4. Correlation is not always causation. If you find that most of your donors were born before 1965, that might be predictive, but not if most of your constituent population is of a similar vintage. Your model can’t just show what your best donors have in common. It must show what makes them different from those who were given the opportunity to give but didn’t.
  5. Models require a good historical record. If you only have one year of giving data, you can’t predict who is likely to give next year. What separates the one-and-done donor from the truly committed supporter? Without a few years of consistent solicitations and donations, you just don’t have the basis for a strong model.
  6. As much as possible, append data to your file that comes from the outside. Demographic data, wealth data, philanthropic data, consumer marketing data. These additional data points broaden your view beyond what you have in your own database and may reveal correlations and predictive variables that make your models stronger than they would be if you remain limited to the data you have collected internally.
  7. Have a plan to use the results. You can create the most perfect model ever devised, but if it doesn’t change something about the way fundraising happens at your organization, it’s just a waste of time and resources. Too many modeling projects have foundered on the shoals of fundraiser indifference. Get buy-in from key stakeholders before you begin and get a commitment to use the results. It really does take a leap of faith for some development officers to reach out to people they don’t know. But the proof of the pudding is in the tasting. Tasting must happen.

Ultimately, a good model is not a crystal ball foretelling the future with precision. It isn’t a guarantee that constituents will behave one way or the other. But a good model is a way to reduce uncertainty. If you pick any constituent at random, you will be highly uncertain that the person will perform any particular action, such as making a gift. But a good predictive model will provide a better filter to highlight those most likely to give or upgrade their gift. You reduce your uncertainty about the outcome of your fundraising by giving your best attention to the highest scoring people. It’s true that not every high scoring person will ultimately do the thing you’re asking for, and some with low scores will do it, even with very little encouragement. But we know that most people give because they are asked to do so. By giving your best effort to those identified by the model, you improve your chances of getting to “yes.”


David Lamb joined Blackbaud in 2004 following three years as an independent consultant for prospect research. David has more than 20 years of experience in the prospect research field. His Prospect Research Page( is a trusted and popular resource among prospect researchers. David is a frequent speaker at professional conferences, including those sponsored by the Council for Advancement and Support of Education (CASE), The Association of Fundraising Professionals (AFP), and The Association of Professional Researchers for advancement (APRA). His areas of expertise include prospect research, prospect management, fundraising, and database systems. In 1997, he received APRA’s Service Award for outstanding service to the profession, and in 2001, he was awarded the CASE Steuben Apple Award for excellence in teaching. He holds a bachelor’s degree in sociology from Sterling College (Sterling, Kansas), a master’s degree in sociology from Wichita State University, and a Master’s in Divinity from San Francisco Theological Seminary.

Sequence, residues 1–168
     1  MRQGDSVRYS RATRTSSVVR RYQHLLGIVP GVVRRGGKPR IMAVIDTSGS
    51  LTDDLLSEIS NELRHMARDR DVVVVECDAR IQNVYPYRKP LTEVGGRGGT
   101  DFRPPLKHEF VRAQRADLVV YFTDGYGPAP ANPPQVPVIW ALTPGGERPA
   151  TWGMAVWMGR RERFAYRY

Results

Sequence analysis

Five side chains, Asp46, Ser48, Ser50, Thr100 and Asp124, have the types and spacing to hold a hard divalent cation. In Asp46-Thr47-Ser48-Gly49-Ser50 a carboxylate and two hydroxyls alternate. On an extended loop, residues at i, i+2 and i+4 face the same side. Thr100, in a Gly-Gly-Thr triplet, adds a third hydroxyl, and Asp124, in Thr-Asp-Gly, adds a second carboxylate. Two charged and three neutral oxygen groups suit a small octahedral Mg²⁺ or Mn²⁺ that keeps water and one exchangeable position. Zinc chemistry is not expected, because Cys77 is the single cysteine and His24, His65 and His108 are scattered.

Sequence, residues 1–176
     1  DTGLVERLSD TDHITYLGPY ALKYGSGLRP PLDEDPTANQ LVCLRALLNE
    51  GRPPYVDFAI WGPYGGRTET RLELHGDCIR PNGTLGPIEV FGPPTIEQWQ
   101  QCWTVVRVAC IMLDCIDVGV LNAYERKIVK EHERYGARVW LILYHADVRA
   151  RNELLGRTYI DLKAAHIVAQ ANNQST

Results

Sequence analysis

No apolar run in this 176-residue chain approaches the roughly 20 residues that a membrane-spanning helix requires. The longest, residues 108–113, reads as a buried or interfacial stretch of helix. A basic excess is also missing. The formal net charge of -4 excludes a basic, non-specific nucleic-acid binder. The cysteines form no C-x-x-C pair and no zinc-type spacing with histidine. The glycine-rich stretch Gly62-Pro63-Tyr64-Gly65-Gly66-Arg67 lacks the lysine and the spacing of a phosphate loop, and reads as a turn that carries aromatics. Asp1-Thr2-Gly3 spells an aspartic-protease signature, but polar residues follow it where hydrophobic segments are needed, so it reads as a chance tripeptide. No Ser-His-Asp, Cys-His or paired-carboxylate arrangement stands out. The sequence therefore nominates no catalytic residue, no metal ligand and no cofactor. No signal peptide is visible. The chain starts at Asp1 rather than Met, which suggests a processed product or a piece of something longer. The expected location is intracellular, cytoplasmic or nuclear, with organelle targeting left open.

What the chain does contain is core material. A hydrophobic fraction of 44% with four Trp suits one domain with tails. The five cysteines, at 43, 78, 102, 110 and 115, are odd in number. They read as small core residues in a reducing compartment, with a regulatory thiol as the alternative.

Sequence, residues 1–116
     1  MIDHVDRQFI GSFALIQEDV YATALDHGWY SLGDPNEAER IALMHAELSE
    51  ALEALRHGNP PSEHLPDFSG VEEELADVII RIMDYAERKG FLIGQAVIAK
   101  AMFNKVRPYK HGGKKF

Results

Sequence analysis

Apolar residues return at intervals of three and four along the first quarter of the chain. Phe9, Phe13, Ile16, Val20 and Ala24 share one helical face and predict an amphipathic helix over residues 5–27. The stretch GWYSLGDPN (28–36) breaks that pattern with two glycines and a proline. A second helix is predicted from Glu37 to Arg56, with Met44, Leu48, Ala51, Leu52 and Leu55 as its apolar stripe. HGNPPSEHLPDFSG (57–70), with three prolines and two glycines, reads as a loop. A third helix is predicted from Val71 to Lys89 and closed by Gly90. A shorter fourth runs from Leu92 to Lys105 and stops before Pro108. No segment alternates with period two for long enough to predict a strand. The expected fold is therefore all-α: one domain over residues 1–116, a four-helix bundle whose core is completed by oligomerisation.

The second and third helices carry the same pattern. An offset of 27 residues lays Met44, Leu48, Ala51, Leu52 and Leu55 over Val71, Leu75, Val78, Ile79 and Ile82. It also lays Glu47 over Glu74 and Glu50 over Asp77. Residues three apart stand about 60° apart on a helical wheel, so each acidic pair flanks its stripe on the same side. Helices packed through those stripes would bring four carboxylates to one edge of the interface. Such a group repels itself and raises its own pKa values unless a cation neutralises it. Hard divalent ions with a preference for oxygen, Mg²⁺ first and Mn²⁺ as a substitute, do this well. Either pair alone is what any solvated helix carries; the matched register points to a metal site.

Comments (51)

  • Lyne Labrecque says:

    Very nice article that I will share with the director of development at my office. We are just in the decision making phase to see if we will spend for aN evaluation of our database or not.

  • Karen says:

    Fantastic view David! You are right in the modeling and wealth ratings. I look at correlations and analyze the relationship to identify opportunities.

  • Brinkley Cox says:

    Great article! We use the “Garbage in, garbage out” phrase ALL THE TIME.

  • Ann Nischke says:

    Loved this gem: using “models: to find the unknown prospect—the whale swimming below the surface. “ Thank you for the validation!

  • rachel says:

    “You can create the most perfect model ever devised, but if it doesn’t change something about the way fundraising happens at your organization, it’s just a waste of time and resources.” Sometimes preliminary buy-in isn’t enough when the model isn’t what they wanted to hear. In the future, I’m going to use this phrase to remind my groups why we do this: “a good model is a way to reduce uncertainty”. Great insights!

  • Jennifer Lange says:

    “Gratitude was never once evidenced.” Wow. I feel ya!

  • Donna Woods says:

    Great article! I’ll be sharing with our IA staff! Thanks!

  • Becky says:

    Great article! I’ll be sharing this with my team to emphasize again the importance of good, clean data. The larger organization which we support is working on some very powerful modelling and the results have quickly shown us where to throw additional resources.

  • Tammi Burkhardt says:

    We at engaged in modeling our mid-level and top prospects to determine affinity and to predict further engagement.

  • B Melloh says:

    Great Article David!

  • Jayme says:

    Thank you David! The database and its results are only as good as the quality of the data that is added to it. I agree that you have clean up the data with appends and general upkeep before you can expect results. However, I do feel that a working partnership with fundraisers (which I am privileged to have) makes a difference in the willingness to take chances on cold prospects.

  • Heather says: